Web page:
Know the Fire Safety Rules
Be mindful of what you’re doing and always be prepared to put out a fire. And be sure to follow fire safety rules:
- Only start a campfire in an approved fire pit. Never leave a fire unattended. Don’t start a fire on a windy day. Always make sure your campfire is extinguished completely, try using the “drown, stir and feel” method. (Drown the fire with water, stir with a stick or shovel and repeat until campfire coals feel cool to the touch.)
- Keep lighters and matches out of the reach of children.
- Only launch fireworks on legal dates and in areas that permit fireworks to be launched. When lighting fireworks, have a fire extinguisher handy; have a bucket of water or garden hose available to wet down the surrounding vegetation. Fireworks are prohibited on all public lands.
- Don’t park a hot car or other machine in dry grass, even when pulling over on the side of the road. Make sure to inflate your vehicle's tires at the proper pressure to avoid the sparks that can be thrown in a blowout. Secure any tow chains to prevent sparking.
- Spark arrestors are required on all off-highway vehicles (OHV) and all-terrain vehicles (ATV).
- When target shooting, choose a backstop that is free of rocks and dry grass. Use of exploding targets is illegal on Utah public lands.
For more wildfire prevention tips, visit utahfiresense.org.
"Be mindful of what you’re doing and always be prepared to put out a fire."
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Your Utah Wildfire Questions, Answered
When do wildfires occur in Utah?
Utah’s wildfire season typically lasts from around July 1 to October 1.
Is it safe to visit Utah when wildfires occur?
Yes. Wildfires are generally localized and impact only the immediate areas where they occur. Utah covers more than 54 million acres, offering plenty of geographical alternatives for recreation. Resources and alerts abound to monitor local conditions.
Are campfires allowed in Utah?
Restrictions vary depending on specific location, but campfires are almost always allowed in permanent firepits in developed camping and picnicking areas. Check utahfireinfo.gov for a list of active statewide fire restrictions. When building a campfire, keep it small and always have the proper extinguishing tools on hand, like a large bucket of water and a shovel. And be sure to practice the proper technique for extinguishing a campfire before going to sleep or leaving: drown with water, stir and repeat until the coals are cool to the touch. Never build a campfire in high winds.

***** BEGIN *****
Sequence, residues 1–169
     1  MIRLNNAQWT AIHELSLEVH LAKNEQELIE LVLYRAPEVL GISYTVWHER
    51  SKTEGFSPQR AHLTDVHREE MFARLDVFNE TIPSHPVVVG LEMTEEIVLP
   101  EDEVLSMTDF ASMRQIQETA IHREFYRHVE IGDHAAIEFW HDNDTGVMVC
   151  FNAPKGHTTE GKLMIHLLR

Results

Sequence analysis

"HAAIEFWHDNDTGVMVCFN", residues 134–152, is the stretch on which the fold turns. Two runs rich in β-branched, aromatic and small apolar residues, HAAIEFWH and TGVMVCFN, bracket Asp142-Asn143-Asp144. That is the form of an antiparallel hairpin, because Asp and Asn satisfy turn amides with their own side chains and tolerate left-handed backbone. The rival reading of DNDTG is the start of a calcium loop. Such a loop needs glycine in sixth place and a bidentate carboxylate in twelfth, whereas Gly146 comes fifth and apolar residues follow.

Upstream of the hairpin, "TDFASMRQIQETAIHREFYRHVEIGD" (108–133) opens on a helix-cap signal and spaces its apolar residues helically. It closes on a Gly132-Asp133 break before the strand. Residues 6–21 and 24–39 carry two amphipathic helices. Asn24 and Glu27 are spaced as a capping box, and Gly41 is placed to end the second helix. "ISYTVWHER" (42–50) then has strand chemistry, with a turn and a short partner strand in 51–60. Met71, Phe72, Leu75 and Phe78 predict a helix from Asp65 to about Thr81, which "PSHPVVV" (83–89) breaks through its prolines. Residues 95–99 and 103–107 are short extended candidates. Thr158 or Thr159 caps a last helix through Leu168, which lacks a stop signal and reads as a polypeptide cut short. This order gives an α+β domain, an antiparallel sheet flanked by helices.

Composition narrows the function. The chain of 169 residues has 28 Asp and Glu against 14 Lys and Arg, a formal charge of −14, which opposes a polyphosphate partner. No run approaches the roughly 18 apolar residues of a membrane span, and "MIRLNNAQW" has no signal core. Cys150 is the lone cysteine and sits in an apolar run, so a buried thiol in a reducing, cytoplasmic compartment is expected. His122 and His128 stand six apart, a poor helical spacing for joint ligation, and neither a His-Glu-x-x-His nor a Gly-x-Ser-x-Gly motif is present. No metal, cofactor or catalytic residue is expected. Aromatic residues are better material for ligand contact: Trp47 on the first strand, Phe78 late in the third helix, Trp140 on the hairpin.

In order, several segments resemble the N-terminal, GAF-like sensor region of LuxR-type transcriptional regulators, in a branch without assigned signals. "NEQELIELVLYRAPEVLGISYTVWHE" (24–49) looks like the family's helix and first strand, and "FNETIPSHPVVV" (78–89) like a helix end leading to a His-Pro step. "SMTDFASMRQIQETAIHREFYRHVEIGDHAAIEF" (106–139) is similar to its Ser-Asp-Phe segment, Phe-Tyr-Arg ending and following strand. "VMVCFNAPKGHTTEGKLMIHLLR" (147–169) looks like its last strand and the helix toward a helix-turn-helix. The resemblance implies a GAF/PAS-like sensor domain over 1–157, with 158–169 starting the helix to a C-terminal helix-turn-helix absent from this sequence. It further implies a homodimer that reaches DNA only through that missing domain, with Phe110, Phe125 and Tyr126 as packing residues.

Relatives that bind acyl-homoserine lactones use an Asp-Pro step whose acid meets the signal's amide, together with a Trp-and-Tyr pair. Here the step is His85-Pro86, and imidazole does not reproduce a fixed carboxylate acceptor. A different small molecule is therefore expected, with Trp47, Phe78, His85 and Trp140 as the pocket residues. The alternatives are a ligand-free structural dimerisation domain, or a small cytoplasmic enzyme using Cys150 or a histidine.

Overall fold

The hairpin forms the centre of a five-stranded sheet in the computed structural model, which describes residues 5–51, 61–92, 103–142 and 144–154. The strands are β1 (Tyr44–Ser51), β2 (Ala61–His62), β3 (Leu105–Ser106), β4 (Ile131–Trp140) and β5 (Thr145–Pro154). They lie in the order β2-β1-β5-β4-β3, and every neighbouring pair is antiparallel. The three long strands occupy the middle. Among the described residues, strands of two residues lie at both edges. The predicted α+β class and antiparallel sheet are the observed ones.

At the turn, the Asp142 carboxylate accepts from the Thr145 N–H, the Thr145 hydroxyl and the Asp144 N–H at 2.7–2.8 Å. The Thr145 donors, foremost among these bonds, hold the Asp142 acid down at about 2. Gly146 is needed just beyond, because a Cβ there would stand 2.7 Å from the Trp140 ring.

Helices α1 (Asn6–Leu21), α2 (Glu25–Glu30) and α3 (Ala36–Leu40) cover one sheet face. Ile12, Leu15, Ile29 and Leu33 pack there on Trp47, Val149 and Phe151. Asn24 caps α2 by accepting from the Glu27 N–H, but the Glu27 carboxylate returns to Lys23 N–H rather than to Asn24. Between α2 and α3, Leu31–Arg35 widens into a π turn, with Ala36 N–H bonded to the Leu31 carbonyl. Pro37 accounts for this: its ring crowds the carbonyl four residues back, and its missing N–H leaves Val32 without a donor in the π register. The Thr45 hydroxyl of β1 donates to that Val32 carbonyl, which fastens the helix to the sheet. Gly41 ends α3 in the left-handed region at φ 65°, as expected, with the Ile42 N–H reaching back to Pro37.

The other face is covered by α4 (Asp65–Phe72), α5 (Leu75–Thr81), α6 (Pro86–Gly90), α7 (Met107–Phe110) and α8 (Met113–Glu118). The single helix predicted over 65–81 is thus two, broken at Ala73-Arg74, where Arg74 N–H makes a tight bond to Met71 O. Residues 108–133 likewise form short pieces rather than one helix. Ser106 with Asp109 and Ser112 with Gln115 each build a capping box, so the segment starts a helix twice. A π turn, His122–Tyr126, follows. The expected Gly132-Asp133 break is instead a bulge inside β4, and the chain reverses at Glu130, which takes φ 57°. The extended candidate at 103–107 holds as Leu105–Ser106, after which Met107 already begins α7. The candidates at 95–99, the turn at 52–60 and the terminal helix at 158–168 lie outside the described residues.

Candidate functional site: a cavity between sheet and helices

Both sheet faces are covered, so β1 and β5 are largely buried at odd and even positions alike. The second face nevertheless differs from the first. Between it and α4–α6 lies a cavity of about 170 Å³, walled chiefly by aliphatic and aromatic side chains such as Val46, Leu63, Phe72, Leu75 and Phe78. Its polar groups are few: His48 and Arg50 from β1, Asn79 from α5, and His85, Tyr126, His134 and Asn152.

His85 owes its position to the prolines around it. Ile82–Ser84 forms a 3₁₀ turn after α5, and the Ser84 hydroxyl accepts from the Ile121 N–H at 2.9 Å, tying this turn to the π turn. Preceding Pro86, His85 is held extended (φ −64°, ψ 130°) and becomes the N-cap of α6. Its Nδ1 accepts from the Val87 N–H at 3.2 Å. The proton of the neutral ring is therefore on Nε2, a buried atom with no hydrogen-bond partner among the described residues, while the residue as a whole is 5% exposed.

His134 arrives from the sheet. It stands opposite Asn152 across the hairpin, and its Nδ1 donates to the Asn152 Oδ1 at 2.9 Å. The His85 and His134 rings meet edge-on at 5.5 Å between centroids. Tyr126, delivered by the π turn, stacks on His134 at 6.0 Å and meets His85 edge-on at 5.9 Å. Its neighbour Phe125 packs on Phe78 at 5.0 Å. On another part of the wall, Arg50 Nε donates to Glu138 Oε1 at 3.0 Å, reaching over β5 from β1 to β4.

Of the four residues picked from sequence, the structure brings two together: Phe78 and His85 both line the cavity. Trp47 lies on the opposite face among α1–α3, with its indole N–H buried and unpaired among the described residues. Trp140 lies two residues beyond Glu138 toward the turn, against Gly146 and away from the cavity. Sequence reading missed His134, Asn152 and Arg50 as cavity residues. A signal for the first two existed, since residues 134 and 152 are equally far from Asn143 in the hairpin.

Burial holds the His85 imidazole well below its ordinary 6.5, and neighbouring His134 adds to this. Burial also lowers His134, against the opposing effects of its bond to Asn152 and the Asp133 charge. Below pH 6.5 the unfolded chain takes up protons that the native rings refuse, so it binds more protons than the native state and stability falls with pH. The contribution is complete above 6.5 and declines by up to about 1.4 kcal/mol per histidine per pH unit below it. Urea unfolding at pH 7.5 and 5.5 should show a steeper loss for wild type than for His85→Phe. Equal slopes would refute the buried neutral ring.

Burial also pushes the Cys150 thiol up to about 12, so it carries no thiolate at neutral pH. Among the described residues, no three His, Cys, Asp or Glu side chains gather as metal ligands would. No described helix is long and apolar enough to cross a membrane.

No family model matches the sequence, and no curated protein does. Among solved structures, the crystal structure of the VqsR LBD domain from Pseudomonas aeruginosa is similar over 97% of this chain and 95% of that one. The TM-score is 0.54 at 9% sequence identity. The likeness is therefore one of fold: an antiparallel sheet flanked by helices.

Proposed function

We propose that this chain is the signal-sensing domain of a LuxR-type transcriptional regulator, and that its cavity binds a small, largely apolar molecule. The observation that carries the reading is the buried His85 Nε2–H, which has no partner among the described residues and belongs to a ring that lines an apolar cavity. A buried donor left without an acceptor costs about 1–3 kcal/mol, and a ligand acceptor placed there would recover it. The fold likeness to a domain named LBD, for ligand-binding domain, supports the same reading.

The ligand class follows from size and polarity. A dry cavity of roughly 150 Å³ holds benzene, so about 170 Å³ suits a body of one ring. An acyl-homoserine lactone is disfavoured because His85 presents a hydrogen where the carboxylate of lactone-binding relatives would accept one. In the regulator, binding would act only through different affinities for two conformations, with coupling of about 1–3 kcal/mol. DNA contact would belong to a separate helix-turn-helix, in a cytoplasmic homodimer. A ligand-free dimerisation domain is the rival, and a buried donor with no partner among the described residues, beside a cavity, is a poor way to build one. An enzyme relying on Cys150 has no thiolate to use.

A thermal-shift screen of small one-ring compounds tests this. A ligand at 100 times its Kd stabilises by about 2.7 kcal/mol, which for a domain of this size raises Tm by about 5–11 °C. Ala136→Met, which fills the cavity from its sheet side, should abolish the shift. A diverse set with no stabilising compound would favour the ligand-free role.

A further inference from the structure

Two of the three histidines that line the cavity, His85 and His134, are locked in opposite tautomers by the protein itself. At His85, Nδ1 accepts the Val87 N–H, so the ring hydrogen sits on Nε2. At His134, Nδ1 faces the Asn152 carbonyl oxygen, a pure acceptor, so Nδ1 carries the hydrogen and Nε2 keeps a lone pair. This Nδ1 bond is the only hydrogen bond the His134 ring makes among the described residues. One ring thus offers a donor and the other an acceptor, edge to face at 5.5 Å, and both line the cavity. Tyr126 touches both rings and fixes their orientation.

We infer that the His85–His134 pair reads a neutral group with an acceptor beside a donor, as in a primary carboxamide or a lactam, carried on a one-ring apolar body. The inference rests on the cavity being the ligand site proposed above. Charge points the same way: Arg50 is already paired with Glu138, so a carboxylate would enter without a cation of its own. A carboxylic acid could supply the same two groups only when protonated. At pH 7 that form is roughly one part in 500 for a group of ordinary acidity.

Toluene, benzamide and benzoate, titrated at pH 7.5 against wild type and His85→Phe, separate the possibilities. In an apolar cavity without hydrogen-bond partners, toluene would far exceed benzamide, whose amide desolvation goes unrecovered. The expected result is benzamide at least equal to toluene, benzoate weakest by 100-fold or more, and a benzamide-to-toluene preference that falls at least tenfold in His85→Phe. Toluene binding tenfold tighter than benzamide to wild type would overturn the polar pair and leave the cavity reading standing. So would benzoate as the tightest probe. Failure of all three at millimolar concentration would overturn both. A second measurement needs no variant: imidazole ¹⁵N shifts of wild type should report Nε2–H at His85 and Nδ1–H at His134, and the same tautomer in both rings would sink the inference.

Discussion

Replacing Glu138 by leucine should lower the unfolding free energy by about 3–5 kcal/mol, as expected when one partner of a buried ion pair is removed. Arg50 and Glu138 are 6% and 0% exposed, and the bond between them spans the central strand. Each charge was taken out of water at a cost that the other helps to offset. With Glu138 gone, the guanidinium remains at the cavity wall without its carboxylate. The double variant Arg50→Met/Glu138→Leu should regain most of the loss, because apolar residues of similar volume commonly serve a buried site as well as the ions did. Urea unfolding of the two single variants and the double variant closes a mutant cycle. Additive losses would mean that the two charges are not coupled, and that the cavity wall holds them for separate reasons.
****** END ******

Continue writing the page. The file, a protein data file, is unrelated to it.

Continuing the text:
Are fireworks allowed in Utah?
Fireworks are never allowed on U.S. Forest Service, BLM or national park lands. And many municipalities in Utah, particularly those along the urban-public lands interface, don’t allow the discharge of fireworks as well. Check utahfireinfo.gov for a list of active statewide fireworks restrictions.
Do campfire bans include portable propane or wood-fueled firepits?
Generally, anything you can turn off is ok to use during a campfire ban. This includes propane-fueled portable fire pits and camp stoves, but doesn’t include wood-fueled, portable fire pits, such as Solo stoves.
How does smoke affect travel in Utah?
Smoke can temporarily affect vehicular travel, in particular. For the latest info on road conditions and closures, visit the Utah Department of Transportation website’s Emergency Alert page, which lists wildfire-caused road closures and re-routing information.
I just found out there’s an active fire and I’m about to travel to Utah. What should I do?
Visit the utahfireinfo.gov or follow @UtahWildfire on Facebook and Twitter to see if the area you plan to visit is affected.
If I see a wildfire while I’m hiking or camping, what should I do?
Call 911. Though Utah’s public lands are managed by several different agencies, 911 dispatchers are trained to route a wildfire report to the proper jurisdiction.
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